Supplement No. 1 to Circular Letter No. 20 (2008)
February 17, 2010
All insurers, reinsurers and insurance producers
STATUTORY REFERENCES: N.Y. Insurance Law §§ 107, 201, 301, 308, 1114, 2110, 2118, and 3103; and Arts. 23, 31, 34, 61, 63, 64, 65, 66, 67, and 69.
In October 2008, the New York State Insurance Department issued Circular Letter No. 20 (“CL No. 20”), which sets forth the Superintendent of Insurance’s expectations regarding contract certainty with respect to property/casualty insurance policies and reinsurance contracts. The purpose of this Supplement is to provide further guidance in response to inquiries posed to the Department by various stakeholders -- including insurers, producers, and trade associations -- in the wake of the issuance of CL No. 20.
CL No. 20 advises insurers and producers doing business in the State of New York that they should, no more than twelve months from the date of that Circular Letter, develop and implement practices to assure that policy documentation is delivered to the insured before, at, or promptly after inception. “Promptly” is generally interpreted to mean within thirty business days (not, as some have queried, calendar days), and any extensions beyond that period should be carefully documented by insurers (and, wherever possible, establish “good cause” for such delay). CL No. 20 also states that any principles and practices established to ensure contract certainty must comply with all existing statutory or regulatory provisions concerning the content, timing, or delivery of insurance policies.
The Department received numerous inquiries about how it intends to ensure adherence to CL No. 20. On a prospective basis, the Department will focus its resources on those types of policies where, because of the unique nature or size of the risk, issues regarding contract certainty are most apt to surface. Such policies include those issued to: (1) large commercial insureds, written on a standard or manuscript basis; (2) the special risk market, written pursuant to Insurance Law Article 63; (3) policyholders in the excess line market; and (4) other insurers via reinsurance. In the latter half of 2010, the Department may issue letters of inquiry to licensees aimed at gathering information regarding how, and to what extent, licensees have developed and implemented practices to assure that contract certainty is routinely achieved.
A number of queries centered on the policy documentation necessary for contract certainty. The
Department has endeavored to develop a contract certainty standard that strikes an appropriate
balance between insureds, on the one hand, and insurers and producers, on the other. To that
end, the Department, mindful of the global nature of the insurance industry, refers insureds, insurers,
and producers to the principles and standards of contract certainty established in the United Kingdom, http://www.abi.org.uk/information/business/521.pdf,
and Bermuda, http://wwww.abir.bm/downloads/032208_ContractCertainty
Code of PracticeforBD FINAL.pdf. Those principles and standards will guide the Department to the extent that they are not inconsistent with the New York Insurance Law or regulations promulgated thereunder.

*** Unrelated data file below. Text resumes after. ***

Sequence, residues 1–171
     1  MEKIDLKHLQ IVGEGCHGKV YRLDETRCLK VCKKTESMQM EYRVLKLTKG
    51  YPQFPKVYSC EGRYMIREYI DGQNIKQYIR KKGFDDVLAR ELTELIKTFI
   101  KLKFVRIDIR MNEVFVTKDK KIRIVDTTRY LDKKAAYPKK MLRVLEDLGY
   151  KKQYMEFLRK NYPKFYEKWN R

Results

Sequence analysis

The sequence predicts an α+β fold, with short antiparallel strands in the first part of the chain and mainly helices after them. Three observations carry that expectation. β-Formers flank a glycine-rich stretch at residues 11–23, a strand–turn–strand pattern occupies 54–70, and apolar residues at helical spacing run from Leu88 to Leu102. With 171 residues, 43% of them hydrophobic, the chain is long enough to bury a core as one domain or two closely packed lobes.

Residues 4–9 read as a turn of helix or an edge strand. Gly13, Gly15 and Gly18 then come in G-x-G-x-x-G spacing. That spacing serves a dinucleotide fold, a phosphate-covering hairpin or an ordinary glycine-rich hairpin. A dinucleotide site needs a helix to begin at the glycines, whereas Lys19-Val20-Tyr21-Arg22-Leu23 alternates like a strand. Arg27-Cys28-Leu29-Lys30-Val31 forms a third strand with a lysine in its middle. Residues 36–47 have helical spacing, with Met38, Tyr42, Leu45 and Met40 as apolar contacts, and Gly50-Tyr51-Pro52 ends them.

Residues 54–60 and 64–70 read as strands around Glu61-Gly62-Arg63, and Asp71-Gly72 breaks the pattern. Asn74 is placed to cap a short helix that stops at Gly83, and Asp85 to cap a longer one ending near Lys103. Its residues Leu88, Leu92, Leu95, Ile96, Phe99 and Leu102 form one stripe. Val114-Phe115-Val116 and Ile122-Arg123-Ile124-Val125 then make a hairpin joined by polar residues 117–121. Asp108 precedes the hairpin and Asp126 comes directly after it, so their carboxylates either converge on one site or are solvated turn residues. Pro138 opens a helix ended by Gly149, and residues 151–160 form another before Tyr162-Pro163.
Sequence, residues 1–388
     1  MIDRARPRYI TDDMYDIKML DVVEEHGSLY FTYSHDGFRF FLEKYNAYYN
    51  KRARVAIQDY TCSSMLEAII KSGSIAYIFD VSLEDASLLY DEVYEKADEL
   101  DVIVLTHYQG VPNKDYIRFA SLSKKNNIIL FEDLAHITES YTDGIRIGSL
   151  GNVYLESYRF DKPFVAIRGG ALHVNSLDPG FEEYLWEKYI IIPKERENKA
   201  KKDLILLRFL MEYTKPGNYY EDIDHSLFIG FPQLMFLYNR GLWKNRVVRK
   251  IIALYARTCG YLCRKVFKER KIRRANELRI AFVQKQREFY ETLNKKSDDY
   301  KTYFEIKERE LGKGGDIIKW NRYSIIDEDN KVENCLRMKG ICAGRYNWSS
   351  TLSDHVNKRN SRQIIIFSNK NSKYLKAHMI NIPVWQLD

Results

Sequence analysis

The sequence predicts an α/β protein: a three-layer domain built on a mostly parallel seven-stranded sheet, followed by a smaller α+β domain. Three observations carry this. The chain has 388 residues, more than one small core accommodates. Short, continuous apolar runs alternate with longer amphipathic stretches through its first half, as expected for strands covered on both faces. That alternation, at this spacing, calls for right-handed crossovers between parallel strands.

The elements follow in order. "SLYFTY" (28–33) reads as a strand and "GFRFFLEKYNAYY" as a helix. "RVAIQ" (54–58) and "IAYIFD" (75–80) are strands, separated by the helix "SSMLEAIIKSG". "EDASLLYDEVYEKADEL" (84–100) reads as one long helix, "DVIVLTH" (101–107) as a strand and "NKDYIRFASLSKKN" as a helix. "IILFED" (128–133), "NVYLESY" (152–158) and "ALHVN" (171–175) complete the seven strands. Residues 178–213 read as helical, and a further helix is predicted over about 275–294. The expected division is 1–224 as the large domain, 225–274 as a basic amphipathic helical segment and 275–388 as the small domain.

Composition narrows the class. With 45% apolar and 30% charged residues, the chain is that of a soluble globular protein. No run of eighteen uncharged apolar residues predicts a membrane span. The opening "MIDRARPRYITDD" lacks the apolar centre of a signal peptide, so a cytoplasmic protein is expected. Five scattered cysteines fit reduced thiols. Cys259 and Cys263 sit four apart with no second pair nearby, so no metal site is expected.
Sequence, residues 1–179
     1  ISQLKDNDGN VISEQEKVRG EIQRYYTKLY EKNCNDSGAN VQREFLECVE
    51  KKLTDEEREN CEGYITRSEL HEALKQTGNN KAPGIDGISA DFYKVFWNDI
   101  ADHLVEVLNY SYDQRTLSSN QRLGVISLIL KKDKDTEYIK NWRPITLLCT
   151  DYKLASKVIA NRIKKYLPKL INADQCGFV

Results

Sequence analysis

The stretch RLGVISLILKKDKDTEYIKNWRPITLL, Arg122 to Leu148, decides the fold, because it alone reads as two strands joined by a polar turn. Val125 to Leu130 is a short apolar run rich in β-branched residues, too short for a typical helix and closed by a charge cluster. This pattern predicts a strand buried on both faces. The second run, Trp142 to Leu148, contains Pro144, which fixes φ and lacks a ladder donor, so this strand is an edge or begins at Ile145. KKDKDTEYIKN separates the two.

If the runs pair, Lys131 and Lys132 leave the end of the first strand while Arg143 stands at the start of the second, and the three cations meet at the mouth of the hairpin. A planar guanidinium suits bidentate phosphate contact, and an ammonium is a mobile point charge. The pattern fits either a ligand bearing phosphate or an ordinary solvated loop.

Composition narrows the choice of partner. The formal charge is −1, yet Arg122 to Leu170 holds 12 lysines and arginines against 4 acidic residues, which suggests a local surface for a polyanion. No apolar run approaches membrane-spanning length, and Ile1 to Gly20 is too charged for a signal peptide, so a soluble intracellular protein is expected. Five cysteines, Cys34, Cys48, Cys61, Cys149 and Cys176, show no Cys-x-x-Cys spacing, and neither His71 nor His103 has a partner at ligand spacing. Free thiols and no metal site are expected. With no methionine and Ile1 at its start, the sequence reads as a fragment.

Thus, in accordance with those codes of practice, “policy documentation” for purposes of contract certainty should contain all the agreed terms of the contract, and may include an insurance policy, binder of insurance, schedule of cover, signed contract wording, endorsement, or a complete slip. Similarly, documentation of a reinsurance contract can be evidenced by a binder, cover note, or similar documents, provided that it reflects all agreed terms and conditions to which the reinsurers have agreed.
Because CL No. 20 states that contract certainty generally should be achieved within thirty days, and given that insurers and producers must work together to best serve the insured, many licensees requested guidance as to how the time frame should be allocated. In the United Kingdom, the allocation of time for placement of coverage is left to the marketplace. Accordingly, insurers and producers seeking to take steps to consistent with CL No. 20 and this Supplement should work out the allocation amongst themselves. The Department believes that generally speaking, where a producer intermediates a transaction, the insurer should endeavor to deliver policy terms and conditions to the producer within eighteen business days post-inception to enable the producer to do its part to implement the processes necessary to check the terms and conditions for accuracy, advise the policyholder, and, where necessary, to interface further with the insurer to assure a final meeting of the minds. The broker then would generally have twelve business days to deliver the contract to the policyholder. But it bears emphasizing that in any given circumstance, it is incumbent upon the insurer and producer to decide between themselves how to allocate the time afforded by the thirty-day period. Note, however, that in all events, should the time frames suggested by CL No. 20 and this Supplement conflict with the some provision of the New York Insurance Law or regulations promulgated thereunder, the latter provision will control.
Please direct any questions regarding the content of this Supplement to James Everett at [email protected] or (518) 408-1593.
Very truly yours,